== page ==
Moolooite, a Naturally Occurring Hydrated Copper Oxalate from Western Australia

R. M. Clarke and I. R. Williams
Government Chemical Laboratories, Perth, Western Australia
Geological Survey of Western Australia, Perth, Western Australia

Abstract: Moolooite, a naturally occurring hydrated copper oxalate has been identified in a sulphide-bearing quartz outcrop 12 km east of Mooloo Downs station homestead (25° 01′ 30″ S., 116° 06′ 30″ E.), Western Australia. It has apparently formed by the interaction of solutions derived from bird guano and weathering copper sulphides. Partial microchemical analysis indicates a composition corresponding to CuC2O4 · 0.44H2O. The infra-red spectrum is similar to that of the artificial compound with diagnostic absorption bands at 3490, 2975, 2935, 1980, 1940, 1660, 1365,1320, 830, 510, 390, and 315 cm−1. Powder X-ray diffraction patterns indicate a disordered structure with orthorhombic symmetry; a 5.35, b 5.63, c 2.56 Å, Z = 1. The strongest lines of the powder pattern are [d Å, I, hkl]: 3.88, 100, (110); 2.50, 30, (120); 2.33, 18, (011); 2.31, 25,(101); 2.14, 20, (111); 1.938, 18, (220); 1.787, 25, (121); 1.753, 30, (211); 1.216, 15, (112). Unindexed very weak diffuse lines on some patterns can be indexed assuming a supercell with a′ = a, b′ = 2b, c′ = 2c indicating the presence of ordered crystallites.

Moolooite occurs as micro-concretionary crusts and powder in cracks and solution cavities resulting from sulphide oxidation. It is found associated with opaline silica, gypsum, broehantite, antlerite, atacamite, whewellite, sampleite, and libethenite. It is turquoise-green in colour with similar streak, lustre dull to waxy, calculated density 3.43 g/cm3. Moolooite is composed of aggregates of generally sub-micrometre sized equidimensional crystallites with α ∼ 1.57 and γ ∼ 1.95.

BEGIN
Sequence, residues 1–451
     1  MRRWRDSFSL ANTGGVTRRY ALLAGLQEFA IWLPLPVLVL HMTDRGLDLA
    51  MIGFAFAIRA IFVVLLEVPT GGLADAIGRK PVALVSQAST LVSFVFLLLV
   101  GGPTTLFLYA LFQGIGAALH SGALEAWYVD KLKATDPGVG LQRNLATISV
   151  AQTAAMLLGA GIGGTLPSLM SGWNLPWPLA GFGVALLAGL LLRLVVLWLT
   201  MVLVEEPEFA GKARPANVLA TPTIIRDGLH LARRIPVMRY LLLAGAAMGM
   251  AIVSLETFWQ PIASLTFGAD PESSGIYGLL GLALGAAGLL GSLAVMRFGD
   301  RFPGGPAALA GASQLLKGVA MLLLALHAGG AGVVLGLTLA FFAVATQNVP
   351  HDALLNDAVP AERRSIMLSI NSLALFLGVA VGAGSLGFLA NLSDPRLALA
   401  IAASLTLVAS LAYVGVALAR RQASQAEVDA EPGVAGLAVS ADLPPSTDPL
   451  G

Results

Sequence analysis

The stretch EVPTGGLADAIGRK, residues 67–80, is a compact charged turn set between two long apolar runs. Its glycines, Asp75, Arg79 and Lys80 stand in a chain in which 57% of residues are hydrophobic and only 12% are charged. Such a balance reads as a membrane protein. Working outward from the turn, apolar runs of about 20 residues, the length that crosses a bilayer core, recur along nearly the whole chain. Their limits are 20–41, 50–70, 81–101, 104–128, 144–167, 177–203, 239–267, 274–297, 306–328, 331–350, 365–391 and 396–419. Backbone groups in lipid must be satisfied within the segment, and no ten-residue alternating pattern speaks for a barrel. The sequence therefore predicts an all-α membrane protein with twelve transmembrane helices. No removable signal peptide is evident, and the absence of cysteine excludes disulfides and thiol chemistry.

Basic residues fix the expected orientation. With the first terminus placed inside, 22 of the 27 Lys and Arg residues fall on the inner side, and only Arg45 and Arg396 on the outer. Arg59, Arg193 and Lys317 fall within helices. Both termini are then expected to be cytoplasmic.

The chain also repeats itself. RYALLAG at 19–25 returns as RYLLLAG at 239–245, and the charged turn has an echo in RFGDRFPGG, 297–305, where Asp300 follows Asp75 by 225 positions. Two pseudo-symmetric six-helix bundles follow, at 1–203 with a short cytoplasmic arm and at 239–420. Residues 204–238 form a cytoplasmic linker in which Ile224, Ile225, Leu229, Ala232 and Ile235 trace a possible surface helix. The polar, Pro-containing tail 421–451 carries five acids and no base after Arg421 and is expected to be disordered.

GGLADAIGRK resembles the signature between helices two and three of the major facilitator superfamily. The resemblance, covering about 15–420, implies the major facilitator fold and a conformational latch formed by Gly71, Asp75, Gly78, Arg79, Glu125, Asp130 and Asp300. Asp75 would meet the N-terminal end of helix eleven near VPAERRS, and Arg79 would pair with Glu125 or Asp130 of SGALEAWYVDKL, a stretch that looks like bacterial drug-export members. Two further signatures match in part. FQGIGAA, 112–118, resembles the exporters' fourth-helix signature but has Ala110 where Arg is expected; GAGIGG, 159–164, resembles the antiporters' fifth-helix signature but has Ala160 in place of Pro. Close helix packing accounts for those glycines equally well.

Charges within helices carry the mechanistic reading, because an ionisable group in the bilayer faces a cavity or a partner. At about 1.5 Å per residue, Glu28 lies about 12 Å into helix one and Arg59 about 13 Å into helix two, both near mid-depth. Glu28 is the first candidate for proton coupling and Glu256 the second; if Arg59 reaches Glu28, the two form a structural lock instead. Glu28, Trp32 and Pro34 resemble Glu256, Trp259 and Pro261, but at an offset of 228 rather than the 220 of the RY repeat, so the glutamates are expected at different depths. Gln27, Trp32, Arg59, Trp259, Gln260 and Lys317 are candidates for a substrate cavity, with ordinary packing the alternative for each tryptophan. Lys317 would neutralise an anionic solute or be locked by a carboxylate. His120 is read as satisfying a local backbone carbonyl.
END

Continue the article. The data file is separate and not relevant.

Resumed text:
By analogy with artificial copper oxalate, moolooite is constructed from infinite ribbon-like elementary structural units consisting of alternating Cu2+ and (C2O4)2− ions. These units are arranged en echelon in layers which are stacked with displacements so that octahedral coordination of copper ions is completed by oxygen atoms in adjacent layers. The minimal role played by water in the structure and composition of moolooite distinguish it from other oxalate minerals. Because of the zeolitic character of the water a general formula CuC2O4 · nH2O (0 ⩽ n ⩽ 1) appears to be appropriate.

Keywords: moolooite • new mineral • oxalates • Western Australia

Mineralogical Magazine; June 1986 v. 50; no. 356; p. 295-298; DOI: 10.1180/minmag.1986.050.356.15
© 1986, The Mineralogical Society
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